Vir­gin­ia’s Wilder, who be­came the na­tion’s first elec­ted black gov­ernor in 1989, be­lieves that, over­all, “at­ten­tion has been some­what di­ver­ted” from build­ing a pipeline of black lead­ers by Pres­id­ent Obama’s suc­cesses. Obama’s pres­id­ency dis­trac­ted many people from the dearth of rising Afric­an-Amer­ic­ans else­where and the sig­ni­fic­ant road­b­locks they still face, he said.

Wilder’s choice piece of wis­dom has long been this: “Be­ing first isn’t worth a dime if there isn’t a second.” It’s a line Walsh, Patrick’s former cam­paign man­ager, re­calls the then-Rich­mond may­or de­liv­er­ing when he traveled north to stump for Patrick in 2006. And this year, Wilder is com­mit­ted to en­sur­ing there’s a third. Re­call­ing a con­ver­sa­tion with O’Mal­ley at Terry McAul­iffe’s in­aug­ur­a­tion in Janu­ary, Wilder said: “We had a pretty long talk about An­thony.”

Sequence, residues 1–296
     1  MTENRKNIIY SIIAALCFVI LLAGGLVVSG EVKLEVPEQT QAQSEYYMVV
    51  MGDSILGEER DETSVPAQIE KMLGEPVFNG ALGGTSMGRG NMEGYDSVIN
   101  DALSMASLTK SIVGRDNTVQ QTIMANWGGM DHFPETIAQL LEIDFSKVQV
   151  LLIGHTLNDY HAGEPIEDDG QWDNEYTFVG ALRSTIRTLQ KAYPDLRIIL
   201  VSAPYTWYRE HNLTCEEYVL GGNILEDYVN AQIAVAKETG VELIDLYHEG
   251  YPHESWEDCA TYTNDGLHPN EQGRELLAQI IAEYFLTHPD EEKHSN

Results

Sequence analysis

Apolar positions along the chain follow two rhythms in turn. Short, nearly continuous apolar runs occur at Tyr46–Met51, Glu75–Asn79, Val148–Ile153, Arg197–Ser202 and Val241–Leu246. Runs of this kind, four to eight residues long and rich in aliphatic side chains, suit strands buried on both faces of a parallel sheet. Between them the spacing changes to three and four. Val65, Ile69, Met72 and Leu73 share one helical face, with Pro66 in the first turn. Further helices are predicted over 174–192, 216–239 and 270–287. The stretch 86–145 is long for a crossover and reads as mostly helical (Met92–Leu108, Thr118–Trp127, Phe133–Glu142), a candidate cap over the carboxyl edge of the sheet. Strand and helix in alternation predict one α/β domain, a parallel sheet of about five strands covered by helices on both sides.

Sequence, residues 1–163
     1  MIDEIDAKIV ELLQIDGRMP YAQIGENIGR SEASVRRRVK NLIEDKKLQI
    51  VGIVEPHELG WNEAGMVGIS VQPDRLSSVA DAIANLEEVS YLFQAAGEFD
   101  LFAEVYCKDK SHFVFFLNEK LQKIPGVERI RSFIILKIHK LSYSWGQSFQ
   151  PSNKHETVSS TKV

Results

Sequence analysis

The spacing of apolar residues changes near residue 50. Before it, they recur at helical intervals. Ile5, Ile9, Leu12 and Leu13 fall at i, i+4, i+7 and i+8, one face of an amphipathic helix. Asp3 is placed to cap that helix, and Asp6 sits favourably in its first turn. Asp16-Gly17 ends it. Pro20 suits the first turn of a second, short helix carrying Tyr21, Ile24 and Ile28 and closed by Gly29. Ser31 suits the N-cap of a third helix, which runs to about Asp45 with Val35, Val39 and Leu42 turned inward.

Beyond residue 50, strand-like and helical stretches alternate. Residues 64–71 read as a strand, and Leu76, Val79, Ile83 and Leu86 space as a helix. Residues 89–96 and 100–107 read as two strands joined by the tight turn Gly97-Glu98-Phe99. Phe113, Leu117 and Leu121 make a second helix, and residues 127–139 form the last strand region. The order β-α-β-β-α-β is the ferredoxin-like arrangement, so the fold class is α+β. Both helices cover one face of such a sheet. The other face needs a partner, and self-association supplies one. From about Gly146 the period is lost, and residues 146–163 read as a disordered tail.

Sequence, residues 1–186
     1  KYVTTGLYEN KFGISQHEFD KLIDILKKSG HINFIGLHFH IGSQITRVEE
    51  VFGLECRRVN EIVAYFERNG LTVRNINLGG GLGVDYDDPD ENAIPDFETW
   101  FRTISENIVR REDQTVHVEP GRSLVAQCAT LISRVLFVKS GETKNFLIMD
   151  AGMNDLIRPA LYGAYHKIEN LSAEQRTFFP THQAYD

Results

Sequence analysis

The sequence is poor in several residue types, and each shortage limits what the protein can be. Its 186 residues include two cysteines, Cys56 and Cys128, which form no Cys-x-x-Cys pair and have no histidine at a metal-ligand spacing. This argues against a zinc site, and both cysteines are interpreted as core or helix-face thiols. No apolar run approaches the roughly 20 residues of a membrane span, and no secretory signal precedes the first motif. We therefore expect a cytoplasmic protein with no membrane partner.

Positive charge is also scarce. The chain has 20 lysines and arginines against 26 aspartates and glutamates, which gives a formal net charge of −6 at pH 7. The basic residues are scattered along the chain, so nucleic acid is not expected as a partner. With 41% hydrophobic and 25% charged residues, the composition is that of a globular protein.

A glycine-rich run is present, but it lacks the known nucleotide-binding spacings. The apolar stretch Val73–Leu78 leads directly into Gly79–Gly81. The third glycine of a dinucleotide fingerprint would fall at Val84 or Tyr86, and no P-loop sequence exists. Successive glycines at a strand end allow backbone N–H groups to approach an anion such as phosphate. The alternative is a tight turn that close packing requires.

“I think it’s great. I think he’s a good can­did­ate. I in­tend to do all I can to help him,” Wilder said.

In the Sen­ate land­scape, Sens. Cory Book­er and Tim Scott both face elec­tion to their first full terms in Novem­ber. When Scott, a Re­pub­lic­an, was first ap­poin­ted by South Car­o­lina Gov. Nikki Haley in 2013, around the same time Patrick ap­poin­ted former Sen. Mo Cow­an, it marked the first time two Afric­an-Amer­ic­ans served in the Sen­ate sim­ul­tan­eously. Now Scott and the Demo­crat­ic Book­er are the only two black sen­at­ors, after Cow­an was re­placed in a spe­cial elec­tion last year.

Look­ing ahead to 2016, Wilder ex­pressed in­terest and op­tim­ism about the pos­sib­il­ity of elect­ing the coun­try’s first fe­male pres­id­ent. “I sup­port Hil­lary Clin­ton,” Wilder said. But the former gov­ernor is con­cerned that the coun­try will have a shal­low bench of Afric­an-Amer­ic­an White House con­tenders down the road if pro­gress in statewide races con­tin­ues at such a slow pace, not­ing that gov­ernors of­ten make some of the strongest pres­id­en­tial re­cruits. Wilder also cited the unique power of the na­tion’s gov­ernors to make ap­point­ments, par­tic­u­larly of those who have tra­di­tion­ally been left out.

“There are very few names that you hear men­tioned for gov­ernor, who po­ten­tially could be con­sidered as can­did­ates for the pres­id­ency one day,” Wilder said. “You’ve got to start at some time.”